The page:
The proposed 580-home San Luis Ranch development off Madonna Road and Highway 101 in south San Luis Obispo may be headed to approval, judging from the comments of City Council members Wednesday night.
In front of a packed audience at City Hall, the council generally supported the project that would develop 40 acres of the 131-acre site for housing and set aside nearly half the total space — 60 acres —for organic farming and open space. Anyone who wants to buy a home must already live or work in the city to have first dibs.
The project also calls for a 200-room hotel, about 200,000 square feet of commercial space and 150,000 square feet of office space.Read Tribune Article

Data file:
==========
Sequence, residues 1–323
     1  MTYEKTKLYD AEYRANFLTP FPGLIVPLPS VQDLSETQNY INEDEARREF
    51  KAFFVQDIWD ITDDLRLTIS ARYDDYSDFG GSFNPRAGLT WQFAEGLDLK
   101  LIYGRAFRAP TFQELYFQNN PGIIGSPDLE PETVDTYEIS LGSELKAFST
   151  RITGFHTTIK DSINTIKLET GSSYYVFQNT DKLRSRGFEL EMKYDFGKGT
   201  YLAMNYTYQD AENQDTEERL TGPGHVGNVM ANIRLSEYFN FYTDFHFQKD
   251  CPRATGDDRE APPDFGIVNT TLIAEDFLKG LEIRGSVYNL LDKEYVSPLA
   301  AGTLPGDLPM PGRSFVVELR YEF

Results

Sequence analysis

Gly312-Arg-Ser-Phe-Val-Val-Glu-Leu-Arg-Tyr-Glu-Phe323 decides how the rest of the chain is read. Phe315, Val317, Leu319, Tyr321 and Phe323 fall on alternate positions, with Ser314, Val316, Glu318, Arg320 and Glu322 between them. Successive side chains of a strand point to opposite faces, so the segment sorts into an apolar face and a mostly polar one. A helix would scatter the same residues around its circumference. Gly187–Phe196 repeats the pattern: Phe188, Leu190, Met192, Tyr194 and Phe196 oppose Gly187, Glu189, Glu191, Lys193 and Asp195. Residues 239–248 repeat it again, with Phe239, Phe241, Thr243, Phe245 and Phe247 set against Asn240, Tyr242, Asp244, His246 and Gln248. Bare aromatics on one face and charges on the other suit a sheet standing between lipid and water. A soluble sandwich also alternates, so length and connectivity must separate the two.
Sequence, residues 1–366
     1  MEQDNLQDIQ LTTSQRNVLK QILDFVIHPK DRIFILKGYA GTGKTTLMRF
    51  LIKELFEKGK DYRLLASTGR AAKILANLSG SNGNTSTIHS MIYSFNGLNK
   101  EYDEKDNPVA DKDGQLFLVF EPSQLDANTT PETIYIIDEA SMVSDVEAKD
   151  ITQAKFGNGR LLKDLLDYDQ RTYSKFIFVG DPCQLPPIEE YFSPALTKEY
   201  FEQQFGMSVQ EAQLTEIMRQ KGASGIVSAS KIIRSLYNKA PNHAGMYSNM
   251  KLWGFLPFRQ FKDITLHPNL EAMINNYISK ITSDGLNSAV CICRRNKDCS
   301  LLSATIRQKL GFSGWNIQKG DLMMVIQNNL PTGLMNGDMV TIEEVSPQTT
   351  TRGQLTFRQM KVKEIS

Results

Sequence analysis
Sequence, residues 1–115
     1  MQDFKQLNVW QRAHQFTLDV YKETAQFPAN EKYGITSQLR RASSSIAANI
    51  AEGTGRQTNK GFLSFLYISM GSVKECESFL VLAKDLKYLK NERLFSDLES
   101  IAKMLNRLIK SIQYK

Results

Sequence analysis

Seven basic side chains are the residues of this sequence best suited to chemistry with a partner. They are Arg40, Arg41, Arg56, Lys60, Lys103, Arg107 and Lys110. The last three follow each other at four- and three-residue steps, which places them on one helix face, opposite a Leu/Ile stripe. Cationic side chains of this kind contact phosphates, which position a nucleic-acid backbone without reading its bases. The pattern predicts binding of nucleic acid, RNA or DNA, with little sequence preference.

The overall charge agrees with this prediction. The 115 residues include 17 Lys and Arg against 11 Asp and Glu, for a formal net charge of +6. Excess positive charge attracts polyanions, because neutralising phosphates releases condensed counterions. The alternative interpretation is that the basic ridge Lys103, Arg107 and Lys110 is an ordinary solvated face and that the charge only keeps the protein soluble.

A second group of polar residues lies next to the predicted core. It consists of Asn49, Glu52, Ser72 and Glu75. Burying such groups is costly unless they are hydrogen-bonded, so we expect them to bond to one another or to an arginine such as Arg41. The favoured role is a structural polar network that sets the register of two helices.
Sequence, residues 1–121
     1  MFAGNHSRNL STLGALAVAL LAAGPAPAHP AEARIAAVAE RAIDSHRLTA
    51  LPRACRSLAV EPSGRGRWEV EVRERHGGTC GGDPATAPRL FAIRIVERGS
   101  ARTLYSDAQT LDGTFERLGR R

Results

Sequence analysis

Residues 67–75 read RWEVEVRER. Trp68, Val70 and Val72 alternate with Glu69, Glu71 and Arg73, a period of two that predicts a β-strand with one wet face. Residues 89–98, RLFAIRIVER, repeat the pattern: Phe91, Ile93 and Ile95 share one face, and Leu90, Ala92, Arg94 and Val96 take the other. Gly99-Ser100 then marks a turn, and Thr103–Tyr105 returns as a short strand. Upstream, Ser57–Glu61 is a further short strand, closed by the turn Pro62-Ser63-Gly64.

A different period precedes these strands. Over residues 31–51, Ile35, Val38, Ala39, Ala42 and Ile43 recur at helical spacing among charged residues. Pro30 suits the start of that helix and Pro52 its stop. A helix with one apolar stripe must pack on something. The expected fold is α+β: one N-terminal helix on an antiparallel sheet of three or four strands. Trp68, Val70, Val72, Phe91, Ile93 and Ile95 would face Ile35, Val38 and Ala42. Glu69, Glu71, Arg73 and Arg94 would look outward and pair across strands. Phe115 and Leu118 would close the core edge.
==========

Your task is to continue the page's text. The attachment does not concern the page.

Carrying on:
We do a lot of talking about the housing crisis in this state. But I’m beginning to think the word “crisis” isn’t strong enough to convey just how alarmed every Californian should be that the cost of meeting a basic necessity of life – you know, shelter – is devouring entire communities with no signs of slowing down.
Seriously, just check out the data from the latest parade of housing reports.
According to the California Association of Realtors, only 32 percent of households statewide can now afford to buy the median-priced, $496,620 home. In Sacramento County, one of the fastest growing markets in the Golden State, a mere 46 percent of households can afford a home for the median $319,720.